Parents often ask us pediatricians for our opinions on alternative medicine, or what is better known as “complementary” or “holistic” medicine.
We easily recognize children with speech and language difficulty because we hear them struggle. How do you recognize a child with a vision problem? Often, you can’t. Is it motor skills? Balance? Judgment, interest, personality, shyness? We hardly ever ask – is it vision?
The same is true as infants, toddlers and preschoolers mature into school age children. When they experience headaches, poor coordination, learning problems, carsickness, apprehension in sports, etc., the first question that comes to mind is rarely, “Could this be a vision problem?” But often, it should be.
While consistent routines, good nutrition and quality parent-child interaction time are important, the value of outdoor motor play should be noted, as it leads to positive outcomes. While it may seem counterintuitive, children’s brains are in a better state to focus and pay attention when they engage in running, jumping, bouncing, swinging, climbing, spinning and other movement activities. Physical activity leads to greater learning opportunities.
With our children facing obesity rates of 24 percent – higher than the national average – it is critical that families have places for kids to be physically active, and our regional recreation sites offer great ways to keep our kids moving.
Start a conversation. “Did you suffer from postpartum depression? Or know someone who did?” Break the silence. Talk about it. Reach out to new parents, share your experiences and let them know they are not alone. By starting the conversation, you will also reach a new level of healing.
Volunteer. We are fortunate to live in a community with access to resources for new parents, particularly those struggling with prenatal and postpartum depression and anxiety. In Lane County, we have WellMama, a nonprofit organization offering free support services. WellMama, and other organizations like it, can only thrive with help from volunteers. Even if you have just five minutes to give this month, you can post flyers, write a thank-you card to a donor or participate in a focus group.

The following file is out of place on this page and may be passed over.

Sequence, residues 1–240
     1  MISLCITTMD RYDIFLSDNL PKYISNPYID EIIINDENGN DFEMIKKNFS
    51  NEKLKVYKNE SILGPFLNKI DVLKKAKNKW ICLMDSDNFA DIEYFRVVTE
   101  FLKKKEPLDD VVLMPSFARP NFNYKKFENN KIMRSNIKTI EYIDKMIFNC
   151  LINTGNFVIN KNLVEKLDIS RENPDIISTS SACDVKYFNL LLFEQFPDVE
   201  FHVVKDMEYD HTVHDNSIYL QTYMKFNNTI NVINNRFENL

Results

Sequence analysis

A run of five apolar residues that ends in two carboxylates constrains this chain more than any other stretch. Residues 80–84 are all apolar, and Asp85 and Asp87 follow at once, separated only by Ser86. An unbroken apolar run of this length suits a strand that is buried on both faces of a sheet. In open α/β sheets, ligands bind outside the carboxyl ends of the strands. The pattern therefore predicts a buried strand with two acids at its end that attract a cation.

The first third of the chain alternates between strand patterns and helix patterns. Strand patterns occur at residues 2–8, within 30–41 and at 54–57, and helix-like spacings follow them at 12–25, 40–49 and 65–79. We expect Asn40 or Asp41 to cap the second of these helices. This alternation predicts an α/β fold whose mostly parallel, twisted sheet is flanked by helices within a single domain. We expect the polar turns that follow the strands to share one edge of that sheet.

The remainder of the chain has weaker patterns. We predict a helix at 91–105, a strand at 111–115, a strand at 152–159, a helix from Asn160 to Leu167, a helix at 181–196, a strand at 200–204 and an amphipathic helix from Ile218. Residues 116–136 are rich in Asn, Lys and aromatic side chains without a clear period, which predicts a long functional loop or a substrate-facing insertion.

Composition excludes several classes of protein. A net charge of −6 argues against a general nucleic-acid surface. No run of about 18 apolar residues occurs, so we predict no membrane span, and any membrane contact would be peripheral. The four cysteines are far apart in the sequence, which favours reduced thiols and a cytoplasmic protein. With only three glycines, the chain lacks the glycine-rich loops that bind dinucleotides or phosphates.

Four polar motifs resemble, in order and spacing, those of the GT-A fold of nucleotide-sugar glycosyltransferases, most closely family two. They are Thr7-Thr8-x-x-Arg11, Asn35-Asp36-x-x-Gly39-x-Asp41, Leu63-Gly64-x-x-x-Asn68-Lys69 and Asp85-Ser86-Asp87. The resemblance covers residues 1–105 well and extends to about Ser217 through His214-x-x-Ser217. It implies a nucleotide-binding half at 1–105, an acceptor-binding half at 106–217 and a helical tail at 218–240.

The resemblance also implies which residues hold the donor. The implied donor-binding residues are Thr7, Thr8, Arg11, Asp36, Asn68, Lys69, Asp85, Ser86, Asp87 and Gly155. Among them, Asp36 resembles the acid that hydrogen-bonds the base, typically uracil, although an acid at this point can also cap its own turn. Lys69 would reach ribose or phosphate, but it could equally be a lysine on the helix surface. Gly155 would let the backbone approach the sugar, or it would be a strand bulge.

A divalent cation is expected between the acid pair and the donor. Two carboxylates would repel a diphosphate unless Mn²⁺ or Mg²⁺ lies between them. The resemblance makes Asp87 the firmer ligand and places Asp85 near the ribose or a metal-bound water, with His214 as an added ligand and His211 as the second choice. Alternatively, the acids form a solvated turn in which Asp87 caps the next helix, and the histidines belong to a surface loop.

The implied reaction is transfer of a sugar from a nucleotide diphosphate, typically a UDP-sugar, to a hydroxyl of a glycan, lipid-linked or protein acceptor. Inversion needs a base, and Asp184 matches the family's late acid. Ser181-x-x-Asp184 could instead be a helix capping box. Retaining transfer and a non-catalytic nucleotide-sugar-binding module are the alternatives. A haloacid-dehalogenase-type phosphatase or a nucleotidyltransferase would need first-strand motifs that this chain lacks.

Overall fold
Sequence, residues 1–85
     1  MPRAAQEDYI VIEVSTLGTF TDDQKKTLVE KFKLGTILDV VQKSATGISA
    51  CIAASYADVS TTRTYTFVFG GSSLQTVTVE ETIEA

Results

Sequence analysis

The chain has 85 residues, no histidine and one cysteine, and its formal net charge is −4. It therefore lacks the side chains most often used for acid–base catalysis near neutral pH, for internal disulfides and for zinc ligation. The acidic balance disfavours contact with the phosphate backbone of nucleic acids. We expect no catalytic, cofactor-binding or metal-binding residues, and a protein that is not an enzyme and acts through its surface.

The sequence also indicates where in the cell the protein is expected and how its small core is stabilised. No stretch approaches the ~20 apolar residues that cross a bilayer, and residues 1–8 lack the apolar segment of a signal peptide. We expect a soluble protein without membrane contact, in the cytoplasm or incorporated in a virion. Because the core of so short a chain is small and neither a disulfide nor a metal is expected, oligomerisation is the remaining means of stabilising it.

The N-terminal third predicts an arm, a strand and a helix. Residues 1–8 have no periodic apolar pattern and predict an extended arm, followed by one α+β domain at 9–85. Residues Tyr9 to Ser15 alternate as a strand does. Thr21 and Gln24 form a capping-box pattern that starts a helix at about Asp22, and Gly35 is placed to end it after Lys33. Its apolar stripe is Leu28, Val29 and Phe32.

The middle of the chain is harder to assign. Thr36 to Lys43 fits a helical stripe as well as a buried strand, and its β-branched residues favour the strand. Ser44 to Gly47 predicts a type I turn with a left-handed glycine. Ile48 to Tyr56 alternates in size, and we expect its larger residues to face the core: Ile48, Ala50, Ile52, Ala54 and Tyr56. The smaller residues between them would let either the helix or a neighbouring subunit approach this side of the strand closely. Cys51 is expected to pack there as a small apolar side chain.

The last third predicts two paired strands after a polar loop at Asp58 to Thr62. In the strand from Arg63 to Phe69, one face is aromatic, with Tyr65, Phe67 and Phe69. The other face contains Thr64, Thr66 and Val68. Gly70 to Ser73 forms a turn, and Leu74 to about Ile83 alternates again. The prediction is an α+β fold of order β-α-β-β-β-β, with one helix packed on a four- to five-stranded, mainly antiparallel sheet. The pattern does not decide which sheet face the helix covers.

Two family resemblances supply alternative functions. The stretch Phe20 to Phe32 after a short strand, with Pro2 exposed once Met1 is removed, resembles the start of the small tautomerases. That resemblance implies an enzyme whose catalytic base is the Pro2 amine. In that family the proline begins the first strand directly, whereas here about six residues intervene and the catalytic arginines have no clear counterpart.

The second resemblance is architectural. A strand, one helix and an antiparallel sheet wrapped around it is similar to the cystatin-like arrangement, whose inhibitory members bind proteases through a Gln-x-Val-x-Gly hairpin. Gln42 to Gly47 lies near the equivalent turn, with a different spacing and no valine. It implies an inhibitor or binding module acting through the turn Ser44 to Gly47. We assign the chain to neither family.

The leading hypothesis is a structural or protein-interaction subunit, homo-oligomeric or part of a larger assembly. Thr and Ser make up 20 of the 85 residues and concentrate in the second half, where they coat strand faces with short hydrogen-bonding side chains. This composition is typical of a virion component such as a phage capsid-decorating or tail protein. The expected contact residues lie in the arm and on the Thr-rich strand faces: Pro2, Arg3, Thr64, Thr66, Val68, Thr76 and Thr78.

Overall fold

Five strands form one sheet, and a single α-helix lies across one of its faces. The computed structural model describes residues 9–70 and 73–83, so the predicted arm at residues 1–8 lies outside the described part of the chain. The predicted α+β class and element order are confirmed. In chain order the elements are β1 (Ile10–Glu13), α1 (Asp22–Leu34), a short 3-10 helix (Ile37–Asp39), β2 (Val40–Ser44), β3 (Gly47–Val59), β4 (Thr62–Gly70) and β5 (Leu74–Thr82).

Donate. Funding for maternal mental health services is scarce and inadequate. Nonprofit organizations rely on donations to sustain basic services that support men and women in our community.
Join us. Participate in community events throughout the year to raise awareness about maternal mental health.
Much data shows that parenting education works:
Readiness for kindergarten is enhanced when parents learn how they can support their child’s healthy development.
Parenting education helps prevent child abuse and neglect, and associated concerns like teen pregnancy, delinquency and substance abuse.
Prolonged activation of the stress response in children can have damaging effects on the development of the brain. The stress hormones that flood the brain during prolonged stressful periods can affect the development of brain cells and connections between them, the size of certain brain areas and, ultimately, development of healthy brain architecture. Because these brain areas are important for learning, memory, and emotional processing, prolonged exposure to stress can lead to problems with thinking, memory, and emotional processing as well as increased risk for later health problems.
If parents are not proactive in addressing their own stress, they might unknowingly overlook the signs and symptoms of stress in their children. There is a danger in this, as young people are then left unsupported in identifying stress, and without the necessary tools and resources to manage it in a world where stress is escalating.
Our most lasting gifts come from how we are raised by our parents. Parenting Now! , formerly Birth To Three, asked community members to reminisce about their upbringing. Here are excerpts from their responses.
“Born in 1930 just as the Depression was descending on almost all families, I know my parents had a difficult time running a small business and raising my brother and me. Despite the times, my parents were always upbeat. I learned that money was not important, but behavior was. Good manners were insisted on and doing what is right and fair was firmly embedded in our psyches.”
The research can help us understand how a baby’s mind is formed and what we can do as parents to help our children be their best. Much of this research supports what many parents already do: read to their children, talk with them, interact with them. Some of the research tells us how to do these things better; how to ask questions and engage our children with the written words in ways that increase their understanding and brain development.